Mr. Clarke: Resolution 1441 was voted for by this House, in support of most of the nations in the Security Council, as a possible alternative to war, so that we could put inspectors back in by coercion in the belief that they would demonstrate conclusively whether there was any threat from weapons of mass destruction. The issue became one of whether Mr. Blix, who had been working there for only a few months, could find any evidence of any threat emerging. We went to war because the Government said that there was an imminent threat and that they were not prepared to wait for Mr. Blix any longer. That was not the position of the Syrian Government, nor of many Members of this House.

Mr. Straw: It was also not the position of the British Government, because we never, ever said that there was an imminent threat. Never, ever did we say that. Neither my right hon. Friend the Prime Minister nor I ever, ever said that.

Gregory Barker (Bexhill and Battle): Will the Foreign Secretary give way?

Mr. Straw: No, I wish to make some progress.

I would say to the former Chancellor that there was convincing intelligence that Iraq had active chemical, biological and nuclear programmes, and the capability to produce chemical and biological weapons. Iraq was also continuing to develop ballistic missiles. That was the judgment reached by the Intelligence and Security Committee, which carried out the most thorough of investigations—I am witness to that, because I gave evidence before it—over a great many weeks.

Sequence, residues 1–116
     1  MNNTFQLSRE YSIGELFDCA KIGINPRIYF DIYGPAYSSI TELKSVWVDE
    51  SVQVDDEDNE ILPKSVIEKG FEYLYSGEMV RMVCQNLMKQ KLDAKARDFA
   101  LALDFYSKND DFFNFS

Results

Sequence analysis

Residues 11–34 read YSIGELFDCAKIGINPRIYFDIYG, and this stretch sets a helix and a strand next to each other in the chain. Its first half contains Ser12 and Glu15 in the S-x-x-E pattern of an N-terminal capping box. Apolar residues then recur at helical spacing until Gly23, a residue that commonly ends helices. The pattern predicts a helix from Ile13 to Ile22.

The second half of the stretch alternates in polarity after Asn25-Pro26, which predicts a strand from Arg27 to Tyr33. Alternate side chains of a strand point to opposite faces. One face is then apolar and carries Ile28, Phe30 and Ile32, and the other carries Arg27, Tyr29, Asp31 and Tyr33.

The issue before the United Nations and this House was, in the end, to what degree Iraq was in clear further material breach of its obligations under resolution 1441, and if it was, whether we should still allow the weapons inspectors more time to do their work, or whether we should take military action. That is essentially a political judgment. Never once did I come to this House and say that I believed that we should not give the weapons inspectors more time because I did not think that they were going to get any more co-operation than they had had in the past. The judgment was based not on any intelligence but on what I could see with my own eyes and hear with my own ears in respect of what was happening in Iraq. The idea that we should now find a judge who is willing to second-guess the most explicit of political judgments is absurd, and, frankly, only illustrates the turmoil at the heart of the Tory party.

Tony Wright (Cannock Chase): Knowing what we know now, will the Foreign Secretary tell the House directly whether he now believes that the Iraqi regime did represent a clear and present danger to this country?

Mr. Straw: Yes, I do. I regret the fact that the Iraq survey group—[Interruption.] It has done a great deal